In news–Maharashtra’s Shiv sena party has accused the Centre of protecting IPS officer Rashmi Shukla, under probe for tapping the phones of political leaders in 2019.
Laws governing phone tapping in India-
- Phone tapping in India is governed by the The Indian Telegraph Act, 1885.
- Section 5(2)of the act says that “on the occurrence of any public emergency, or in the interest of the public safety”, phone tapping can be done by the Centre or states if they are satisfied it is necessary in the interest of “public safety”, “sovereignty and integrity of India, the security of the State, friendly relations with foreign States or public order or for preventing incitement to the commission of an offence”.
- There is an exception for the press: “press messages intended to be published in India of correspondents accredited to the Central Government or a State Government shall not be intercepted or detained, unless their transmission has been prohibited under this subsection”.
- The competent authority must record reasons for tapping in writing.
- Rule 419A of the Indian Telegraph (Amendment) Rules, 2007, says phone tapping orders “shall not be issued except by an order made by the Secretary to the Government of India in the Ministry of Home Affairs in the case of Government of India and by the Secretary to the State Government in-charge of the Home Department in the case of a State Government”.
- The order has to be conveyed to the service provider in writing; only then can the tapping begin.
- In the states, police have the power to tap phones.
- At the Centre, 10 agencies are authorised to do so: Intelligence Bureau, CBI, Enforcement Directorate, Narcotics Control Bureau, Central Board of Direct Taxes, Directorate of Revenue Intelligence, National Investigation Agency, R&AW, Directorate of Signal Intelligence, and the Delhi Police Commissioner.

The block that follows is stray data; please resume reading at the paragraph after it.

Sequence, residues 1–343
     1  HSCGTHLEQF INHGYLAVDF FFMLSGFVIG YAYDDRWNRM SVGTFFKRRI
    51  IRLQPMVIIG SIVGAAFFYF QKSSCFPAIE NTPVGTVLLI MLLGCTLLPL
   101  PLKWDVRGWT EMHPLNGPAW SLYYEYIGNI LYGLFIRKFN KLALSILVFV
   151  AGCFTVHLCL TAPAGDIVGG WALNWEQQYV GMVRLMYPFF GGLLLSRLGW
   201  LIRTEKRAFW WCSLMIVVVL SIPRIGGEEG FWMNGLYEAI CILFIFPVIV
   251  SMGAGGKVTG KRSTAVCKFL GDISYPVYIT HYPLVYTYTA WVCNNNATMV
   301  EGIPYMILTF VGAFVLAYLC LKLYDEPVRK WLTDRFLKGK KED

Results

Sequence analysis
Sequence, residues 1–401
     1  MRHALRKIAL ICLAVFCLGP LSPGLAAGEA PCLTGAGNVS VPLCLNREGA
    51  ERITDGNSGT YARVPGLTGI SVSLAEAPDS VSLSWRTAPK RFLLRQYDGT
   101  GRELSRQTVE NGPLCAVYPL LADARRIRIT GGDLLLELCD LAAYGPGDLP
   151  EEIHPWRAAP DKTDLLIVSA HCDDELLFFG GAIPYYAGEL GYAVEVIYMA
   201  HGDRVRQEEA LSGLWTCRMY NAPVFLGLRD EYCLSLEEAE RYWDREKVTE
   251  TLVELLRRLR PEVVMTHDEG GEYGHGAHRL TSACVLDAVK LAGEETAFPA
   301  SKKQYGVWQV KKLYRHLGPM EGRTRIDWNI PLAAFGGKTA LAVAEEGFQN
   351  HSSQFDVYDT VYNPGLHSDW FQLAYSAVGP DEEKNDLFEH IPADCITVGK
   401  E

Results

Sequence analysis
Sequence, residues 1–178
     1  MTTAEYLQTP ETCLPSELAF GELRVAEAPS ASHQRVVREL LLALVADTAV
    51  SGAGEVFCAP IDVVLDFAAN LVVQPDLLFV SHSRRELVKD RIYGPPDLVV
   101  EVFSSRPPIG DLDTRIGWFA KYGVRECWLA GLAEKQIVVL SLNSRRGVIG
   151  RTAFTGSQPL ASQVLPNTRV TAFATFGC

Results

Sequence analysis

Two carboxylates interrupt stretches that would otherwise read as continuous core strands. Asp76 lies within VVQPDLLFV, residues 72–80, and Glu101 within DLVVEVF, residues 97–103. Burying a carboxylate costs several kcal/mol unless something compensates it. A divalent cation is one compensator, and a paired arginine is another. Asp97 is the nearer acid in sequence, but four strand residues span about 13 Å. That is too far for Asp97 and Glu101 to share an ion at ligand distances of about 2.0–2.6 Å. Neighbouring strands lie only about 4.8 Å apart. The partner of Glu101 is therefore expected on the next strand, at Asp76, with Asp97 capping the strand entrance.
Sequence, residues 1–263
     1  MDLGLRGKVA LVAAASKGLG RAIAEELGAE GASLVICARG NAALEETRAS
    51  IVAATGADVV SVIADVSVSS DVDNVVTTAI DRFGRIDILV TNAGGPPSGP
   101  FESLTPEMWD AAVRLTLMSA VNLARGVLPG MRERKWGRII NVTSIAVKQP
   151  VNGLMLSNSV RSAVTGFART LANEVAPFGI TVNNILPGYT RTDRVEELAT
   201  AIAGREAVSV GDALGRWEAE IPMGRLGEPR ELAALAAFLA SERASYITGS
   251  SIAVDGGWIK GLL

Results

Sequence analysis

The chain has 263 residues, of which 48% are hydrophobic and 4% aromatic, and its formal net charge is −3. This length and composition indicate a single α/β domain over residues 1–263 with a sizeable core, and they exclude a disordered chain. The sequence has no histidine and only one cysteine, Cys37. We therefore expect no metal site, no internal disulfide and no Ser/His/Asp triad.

- Tapping by any other agency would be considered illegal.
- In unavoidable circumstances/an emergency, such an order may be issued by an officer, not below the rank of a Joint Secretary to the Government of India, who has been authorised by the Union Home Secretary, or the State Home Secretary.
- In remote areas or for operational reasons, if it is not feasible to get prior directions, a call can be intercepted with the prior approval of the head or the second senior-most officer of the authorised law enforcement agency at the central level, and by authorised officers, not below the rank of Inspector General of Police, at the state level.
- The order has to be communicated within three days to the competent authority, who has to approve or disapprove it within seven working days.
- If the confirmation from the competent authority is not received within the stipulated seven days, such interception shall cease.
- For example, during the 26/11 attacks in Mumbai, the authorities had no time to follow the complete procedure, and so a mail was sent to the service provider by the Intelligence Bureau, and phones of terrorists were put under surveillance.
The Indian Telegraph Act, 1885-
- It is the enabling legislation in India which governs the use of wired and wireless telegraphy, telephones, teletype, radio communications and digital data communications.
- The act came into force on 1 October 1885.
- It gives the Government of India exclusive jurisdiction and privileges for establishing, maintaining, operating, licensing and oversight of all forms of wired and wireless communications within Indian territory.
- It also authorises government law enforcement agencies to monitor/intercept communications and tap phone lines under conditions defined within the Indian Constitution.